Wednesday 23 October 2019

Council pressed on Santa crash plan

Cheltenham Borough Council has been asked to reveal its contingency plans in case Father Christmas crash lands
Cheltenham Borough Council has been asked to reveal its contingency plans in case Father Christmas crash lands

Council officials making preparations for a crash landing by Santa's present-laden sleigh this weekend could have to reveal their plans publicly, local authority leaders have admitted.

Cheltenham Borough Council was asked to provide details of its contingency plans in a Freedom of Information request filed this year.

The applicant called for details about who at the council would rescue Santa, who would be responsible for rounding up the reindeer and which staff would get the job of clearing the crash site.

The request made the second spot on the Local Government Association's list of the top 10 most bizarre Freedom of Information Requests in 2011.

The winner was a request to West Devon District Council about its preparations for helping soldiers defending against invasion by Napoleon's marauding hordes.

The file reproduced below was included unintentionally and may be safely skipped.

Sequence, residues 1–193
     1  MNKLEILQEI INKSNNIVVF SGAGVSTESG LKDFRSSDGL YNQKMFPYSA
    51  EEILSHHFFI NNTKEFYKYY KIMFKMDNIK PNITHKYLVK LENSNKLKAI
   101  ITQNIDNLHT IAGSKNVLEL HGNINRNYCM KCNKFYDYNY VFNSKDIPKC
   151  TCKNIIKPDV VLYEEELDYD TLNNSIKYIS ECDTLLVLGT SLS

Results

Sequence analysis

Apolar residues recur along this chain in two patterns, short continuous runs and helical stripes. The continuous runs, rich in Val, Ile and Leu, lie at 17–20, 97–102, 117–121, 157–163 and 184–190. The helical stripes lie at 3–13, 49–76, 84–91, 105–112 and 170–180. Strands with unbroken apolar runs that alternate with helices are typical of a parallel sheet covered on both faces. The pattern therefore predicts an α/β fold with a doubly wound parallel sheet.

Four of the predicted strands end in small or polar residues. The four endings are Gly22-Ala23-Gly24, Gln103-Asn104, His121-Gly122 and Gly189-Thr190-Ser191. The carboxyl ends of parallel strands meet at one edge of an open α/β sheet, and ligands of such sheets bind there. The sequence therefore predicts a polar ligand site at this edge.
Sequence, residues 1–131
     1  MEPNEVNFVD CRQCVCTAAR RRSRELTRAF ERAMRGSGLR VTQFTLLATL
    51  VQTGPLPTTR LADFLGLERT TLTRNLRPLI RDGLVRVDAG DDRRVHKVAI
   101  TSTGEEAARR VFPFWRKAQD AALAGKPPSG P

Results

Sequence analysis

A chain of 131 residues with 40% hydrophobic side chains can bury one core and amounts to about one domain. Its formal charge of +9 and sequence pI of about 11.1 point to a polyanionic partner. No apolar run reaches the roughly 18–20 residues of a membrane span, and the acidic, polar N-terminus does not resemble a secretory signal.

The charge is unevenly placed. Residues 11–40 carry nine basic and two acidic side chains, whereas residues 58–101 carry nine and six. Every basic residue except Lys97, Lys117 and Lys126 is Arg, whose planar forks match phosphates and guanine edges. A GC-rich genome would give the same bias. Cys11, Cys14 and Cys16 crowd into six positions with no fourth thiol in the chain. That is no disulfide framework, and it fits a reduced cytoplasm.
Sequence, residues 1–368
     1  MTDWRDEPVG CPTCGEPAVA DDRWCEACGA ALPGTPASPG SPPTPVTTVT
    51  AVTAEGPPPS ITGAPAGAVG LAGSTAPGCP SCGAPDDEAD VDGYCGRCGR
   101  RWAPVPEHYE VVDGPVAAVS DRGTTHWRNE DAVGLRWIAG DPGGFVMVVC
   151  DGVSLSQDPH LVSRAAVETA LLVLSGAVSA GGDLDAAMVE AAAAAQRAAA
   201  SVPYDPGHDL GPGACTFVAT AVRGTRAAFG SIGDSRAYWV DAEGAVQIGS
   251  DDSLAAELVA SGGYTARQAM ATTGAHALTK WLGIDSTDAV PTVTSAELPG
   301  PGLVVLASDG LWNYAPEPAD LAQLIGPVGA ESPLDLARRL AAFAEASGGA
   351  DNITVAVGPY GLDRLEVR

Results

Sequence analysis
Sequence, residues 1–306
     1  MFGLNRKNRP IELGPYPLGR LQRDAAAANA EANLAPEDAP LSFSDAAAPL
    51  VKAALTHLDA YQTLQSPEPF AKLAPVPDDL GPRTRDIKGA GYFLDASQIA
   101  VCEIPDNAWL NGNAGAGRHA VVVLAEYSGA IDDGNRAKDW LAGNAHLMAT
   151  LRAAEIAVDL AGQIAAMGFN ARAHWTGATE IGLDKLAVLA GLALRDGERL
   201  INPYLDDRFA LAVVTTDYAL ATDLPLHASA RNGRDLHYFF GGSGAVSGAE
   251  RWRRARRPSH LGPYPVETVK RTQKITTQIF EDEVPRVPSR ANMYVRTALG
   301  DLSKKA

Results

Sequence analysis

Both Bristol City Council and Leicester City Council were quizzed about their readiness for a zombie invasion, while Merseyside Fire and Rescue Service were asked about plans for alien attack. And Cornwall Council faced requests about privacy holes being found in public toilet cubicles and money paid to exorcists.

Cllr Peter Fleming, chairman of the LGA's Improvement Board, said: "Local authorities are now the most transparent part of the public sector. People only need to log on to their council website now to see more information on where councils spend money than has ever been published before.

"Across the country, hundreds of Freedom of Information requests are sent to local authorities every day. Councils are committed to transparency and accountability and put a lot of time and effort into ensuring that legitimate requests for information are met with full and comprehensive responses.

"However, as this list shows, some of the requests councils receive do not appear to relate very closely to the services they are focused on delivering every day of the year. Councils work very hard to keep local communities running as efficiently as possible and anything which distracts from that can affect the value for money that taxpayers receive."

More than 197,000 requests for information were made to councils in England and Wales this year. The local authorities spent £31.6 million responding.

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